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date: 12 December 2019

Abstract and Keywords

This chapter highlights two policies that supplement the earnings of low-wage workers: the federal minimum wage and the earned income tax credit (EITC). The need for earnings supplements arises in part from the nature of the jobs held by less-skilled, low-wage workers. Such jobs are likely to be compensated on an hourly basis, not salaried, and are less likely to be full time. A focus on the minimum wage and the EITC contributes to—and expands our understanding of—the American welfare state in two ways. First, it looks beyond social insurance and public assistance, which have been considered the main tools of social policy, to explore the importance of alternative antipoverty policies. Second, it moves beyond income support to nonworkers to focus on efforts to support individuals who are active in the labor market.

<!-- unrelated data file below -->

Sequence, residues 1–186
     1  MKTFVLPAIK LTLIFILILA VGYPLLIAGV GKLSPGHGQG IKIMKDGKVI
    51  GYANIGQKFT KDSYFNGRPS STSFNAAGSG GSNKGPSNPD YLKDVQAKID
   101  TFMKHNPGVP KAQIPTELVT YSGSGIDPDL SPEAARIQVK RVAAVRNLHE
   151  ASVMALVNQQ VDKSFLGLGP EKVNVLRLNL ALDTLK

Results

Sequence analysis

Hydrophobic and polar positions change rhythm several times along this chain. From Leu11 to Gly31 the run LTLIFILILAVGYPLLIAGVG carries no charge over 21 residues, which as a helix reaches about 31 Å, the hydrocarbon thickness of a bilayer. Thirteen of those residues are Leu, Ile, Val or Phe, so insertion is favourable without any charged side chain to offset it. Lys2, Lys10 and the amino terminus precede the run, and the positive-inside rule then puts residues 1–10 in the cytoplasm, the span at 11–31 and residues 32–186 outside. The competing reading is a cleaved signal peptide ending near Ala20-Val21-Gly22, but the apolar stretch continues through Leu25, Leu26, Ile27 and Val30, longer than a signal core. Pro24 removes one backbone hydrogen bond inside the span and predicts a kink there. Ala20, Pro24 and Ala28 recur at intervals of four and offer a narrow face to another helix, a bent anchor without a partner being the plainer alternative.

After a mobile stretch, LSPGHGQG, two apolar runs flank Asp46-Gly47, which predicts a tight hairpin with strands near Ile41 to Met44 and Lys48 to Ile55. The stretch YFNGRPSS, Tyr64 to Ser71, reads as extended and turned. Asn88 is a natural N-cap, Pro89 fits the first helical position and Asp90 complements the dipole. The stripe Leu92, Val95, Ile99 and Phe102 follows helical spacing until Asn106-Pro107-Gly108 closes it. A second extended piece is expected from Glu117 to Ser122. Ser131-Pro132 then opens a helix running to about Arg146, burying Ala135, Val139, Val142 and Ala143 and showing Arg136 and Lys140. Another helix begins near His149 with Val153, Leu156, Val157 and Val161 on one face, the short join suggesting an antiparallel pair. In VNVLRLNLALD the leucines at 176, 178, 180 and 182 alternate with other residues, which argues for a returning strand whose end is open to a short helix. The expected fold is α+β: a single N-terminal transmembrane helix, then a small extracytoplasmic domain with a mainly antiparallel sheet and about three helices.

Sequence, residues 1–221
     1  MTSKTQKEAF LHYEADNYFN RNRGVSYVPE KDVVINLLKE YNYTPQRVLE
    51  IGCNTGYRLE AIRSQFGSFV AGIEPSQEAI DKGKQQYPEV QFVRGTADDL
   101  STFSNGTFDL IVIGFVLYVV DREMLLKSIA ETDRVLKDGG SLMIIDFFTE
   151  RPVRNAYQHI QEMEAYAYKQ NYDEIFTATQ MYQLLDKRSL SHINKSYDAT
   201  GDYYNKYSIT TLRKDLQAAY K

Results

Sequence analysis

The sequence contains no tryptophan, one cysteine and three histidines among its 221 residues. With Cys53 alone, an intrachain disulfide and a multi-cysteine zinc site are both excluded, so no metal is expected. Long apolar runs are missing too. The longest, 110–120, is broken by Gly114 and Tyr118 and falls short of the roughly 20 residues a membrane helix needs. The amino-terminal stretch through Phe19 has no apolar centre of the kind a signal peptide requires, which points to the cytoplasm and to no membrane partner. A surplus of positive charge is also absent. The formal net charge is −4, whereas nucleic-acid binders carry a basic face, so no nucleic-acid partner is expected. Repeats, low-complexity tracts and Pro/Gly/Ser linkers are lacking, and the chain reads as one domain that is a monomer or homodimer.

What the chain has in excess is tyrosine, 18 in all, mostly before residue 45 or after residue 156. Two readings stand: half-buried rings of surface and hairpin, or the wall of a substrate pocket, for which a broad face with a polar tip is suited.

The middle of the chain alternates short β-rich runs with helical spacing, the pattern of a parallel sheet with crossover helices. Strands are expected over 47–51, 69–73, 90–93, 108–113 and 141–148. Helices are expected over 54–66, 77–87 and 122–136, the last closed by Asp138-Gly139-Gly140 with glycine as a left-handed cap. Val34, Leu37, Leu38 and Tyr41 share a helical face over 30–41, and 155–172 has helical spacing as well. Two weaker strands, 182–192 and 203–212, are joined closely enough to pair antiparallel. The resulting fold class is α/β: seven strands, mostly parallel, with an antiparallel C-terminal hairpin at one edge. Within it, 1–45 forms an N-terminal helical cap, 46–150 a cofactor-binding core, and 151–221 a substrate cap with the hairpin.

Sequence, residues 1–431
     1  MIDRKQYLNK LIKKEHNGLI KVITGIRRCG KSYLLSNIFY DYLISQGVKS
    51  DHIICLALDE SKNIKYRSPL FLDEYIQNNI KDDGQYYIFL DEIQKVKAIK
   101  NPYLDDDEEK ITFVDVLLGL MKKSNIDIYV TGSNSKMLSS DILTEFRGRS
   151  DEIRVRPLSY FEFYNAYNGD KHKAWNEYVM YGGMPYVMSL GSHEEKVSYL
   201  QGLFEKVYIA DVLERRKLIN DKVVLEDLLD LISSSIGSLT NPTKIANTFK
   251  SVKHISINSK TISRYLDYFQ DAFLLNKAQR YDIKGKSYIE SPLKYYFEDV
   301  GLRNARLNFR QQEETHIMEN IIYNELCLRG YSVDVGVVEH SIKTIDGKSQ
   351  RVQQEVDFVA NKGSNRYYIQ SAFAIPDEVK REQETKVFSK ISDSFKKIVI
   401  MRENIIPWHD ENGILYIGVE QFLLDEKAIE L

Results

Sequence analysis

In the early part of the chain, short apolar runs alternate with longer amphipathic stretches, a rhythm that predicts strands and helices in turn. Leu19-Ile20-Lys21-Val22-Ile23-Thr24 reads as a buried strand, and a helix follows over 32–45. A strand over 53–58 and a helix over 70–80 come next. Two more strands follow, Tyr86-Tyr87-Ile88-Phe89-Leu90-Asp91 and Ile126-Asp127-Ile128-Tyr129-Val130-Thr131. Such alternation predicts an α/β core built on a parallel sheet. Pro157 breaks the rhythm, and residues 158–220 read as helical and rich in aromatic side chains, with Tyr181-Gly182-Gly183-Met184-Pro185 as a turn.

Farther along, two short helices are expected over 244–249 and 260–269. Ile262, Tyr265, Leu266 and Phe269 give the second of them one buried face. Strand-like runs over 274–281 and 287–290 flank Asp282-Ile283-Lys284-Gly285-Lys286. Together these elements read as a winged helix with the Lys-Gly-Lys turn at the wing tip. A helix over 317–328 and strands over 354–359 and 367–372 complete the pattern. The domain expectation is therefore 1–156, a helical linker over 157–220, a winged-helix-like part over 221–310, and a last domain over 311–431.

Keywords: earned income tax credit (EITC), federal minimum wage, anti-poverty policies, low-wage workers, earnings supplements

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